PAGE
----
Two map settings turn the cluster into an extension of the navigation screen, including a reduced mode that simply replaces the center dial. A Full Map mode takes up the entire 16.8-inch display. Finally, a Pure setting limits the display to just the speed, traffic signs, and a simple arrow for navigation.
Look right of the instrument cluster and there’s a 10.9-inch touchscreen where you’d expect it. Look even further and there’s yet another screen where you wouldn’t – right in front of the passenger. When these screens are off, though, they blend neatly into the dash. Praise be to Porsche for resisting the tablet-style temptation that’s gripping the auto industry.
Both displays use an operating system that’s distinct from the infotainment you’d find in other modern Porsches. A customizable home screen looks cleaner and smarter than Porsche’s current infotainment, although the three-tile layout (shown on the passenger display, below) reminds us a bit too much of the current version of BMW’s iDrive system. A screen showing individual tiles allows the driver to access specific apps and put the appropriate information front and center, if the reconfigurable three-tile setup is too much.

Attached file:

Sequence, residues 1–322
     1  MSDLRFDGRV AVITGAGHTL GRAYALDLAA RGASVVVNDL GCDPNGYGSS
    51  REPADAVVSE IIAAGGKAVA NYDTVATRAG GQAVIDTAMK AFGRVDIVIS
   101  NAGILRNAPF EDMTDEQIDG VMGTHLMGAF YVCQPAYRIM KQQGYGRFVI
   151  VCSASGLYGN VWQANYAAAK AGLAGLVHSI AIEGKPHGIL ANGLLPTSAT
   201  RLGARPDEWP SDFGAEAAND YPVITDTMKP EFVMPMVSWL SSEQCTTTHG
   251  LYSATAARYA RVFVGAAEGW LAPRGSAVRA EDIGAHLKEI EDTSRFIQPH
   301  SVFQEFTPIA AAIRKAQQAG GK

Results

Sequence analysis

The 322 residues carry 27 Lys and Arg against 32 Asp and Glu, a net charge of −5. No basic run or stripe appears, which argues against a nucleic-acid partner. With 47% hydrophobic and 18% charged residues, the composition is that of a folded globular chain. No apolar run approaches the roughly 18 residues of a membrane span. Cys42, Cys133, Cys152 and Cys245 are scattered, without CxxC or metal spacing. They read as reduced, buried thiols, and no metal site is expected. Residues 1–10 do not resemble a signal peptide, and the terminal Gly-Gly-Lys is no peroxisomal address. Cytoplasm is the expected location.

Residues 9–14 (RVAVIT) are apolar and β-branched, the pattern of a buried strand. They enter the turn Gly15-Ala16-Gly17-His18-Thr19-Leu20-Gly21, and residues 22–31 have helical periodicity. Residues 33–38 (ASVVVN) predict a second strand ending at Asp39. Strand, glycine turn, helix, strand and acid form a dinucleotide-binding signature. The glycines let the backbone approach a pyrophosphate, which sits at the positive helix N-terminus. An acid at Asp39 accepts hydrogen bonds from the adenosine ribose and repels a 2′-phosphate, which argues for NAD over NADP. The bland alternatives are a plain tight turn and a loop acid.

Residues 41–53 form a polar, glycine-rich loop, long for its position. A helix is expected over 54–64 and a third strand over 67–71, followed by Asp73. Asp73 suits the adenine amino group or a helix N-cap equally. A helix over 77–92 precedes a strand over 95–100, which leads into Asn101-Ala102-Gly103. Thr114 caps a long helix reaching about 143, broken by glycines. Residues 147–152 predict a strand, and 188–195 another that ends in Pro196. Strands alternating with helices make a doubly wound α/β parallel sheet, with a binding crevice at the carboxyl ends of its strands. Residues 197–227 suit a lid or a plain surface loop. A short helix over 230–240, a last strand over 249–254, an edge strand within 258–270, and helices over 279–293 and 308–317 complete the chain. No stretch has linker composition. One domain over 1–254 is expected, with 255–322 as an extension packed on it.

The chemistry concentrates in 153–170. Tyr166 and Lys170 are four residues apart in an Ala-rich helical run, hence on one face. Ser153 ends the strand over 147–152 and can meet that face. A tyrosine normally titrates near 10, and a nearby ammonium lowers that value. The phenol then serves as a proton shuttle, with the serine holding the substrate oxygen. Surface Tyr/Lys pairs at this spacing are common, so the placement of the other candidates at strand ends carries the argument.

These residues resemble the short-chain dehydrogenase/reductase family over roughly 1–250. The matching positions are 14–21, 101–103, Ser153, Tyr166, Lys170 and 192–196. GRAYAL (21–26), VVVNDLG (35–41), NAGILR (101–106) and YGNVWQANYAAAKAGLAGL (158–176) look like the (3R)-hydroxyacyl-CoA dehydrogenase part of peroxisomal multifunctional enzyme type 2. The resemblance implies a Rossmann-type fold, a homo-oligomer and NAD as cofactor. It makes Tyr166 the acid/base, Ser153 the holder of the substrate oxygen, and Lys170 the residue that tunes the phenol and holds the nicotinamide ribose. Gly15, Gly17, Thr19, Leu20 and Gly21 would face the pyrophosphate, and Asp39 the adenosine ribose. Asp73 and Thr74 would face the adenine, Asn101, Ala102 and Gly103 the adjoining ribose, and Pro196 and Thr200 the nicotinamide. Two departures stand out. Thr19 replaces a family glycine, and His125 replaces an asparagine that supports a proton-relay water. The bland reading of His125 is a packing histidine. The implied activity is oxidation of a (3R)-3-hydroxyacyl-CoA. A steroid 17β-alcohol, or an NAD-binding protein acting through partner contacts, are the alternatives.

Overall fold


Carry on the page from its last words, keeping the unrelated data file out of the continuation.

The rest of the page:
The center console houses a third (or fourth, if you tick the box for the passenger display) screen, spanning 8.4 inches. It’s the primary interface for the climate controls, but the lower portion doubles as a haptic touchpad. It’s like an idealized version of Lexus’ trackpad setup and it also includes handwriting recognition. The lower screen can also show the charge level while parked and plugged in.
The forward-thinking nature of Taycan’s cabin does have a downside and it comes in the form of yet another virtual assistant for us to argue with. Simply say “Hey Porsche” followed by a natural-language command, and the car responds. We’re expecting similar functionality (for better or worse) to the systems introduced by rivals Mercedes-Benz and BMW.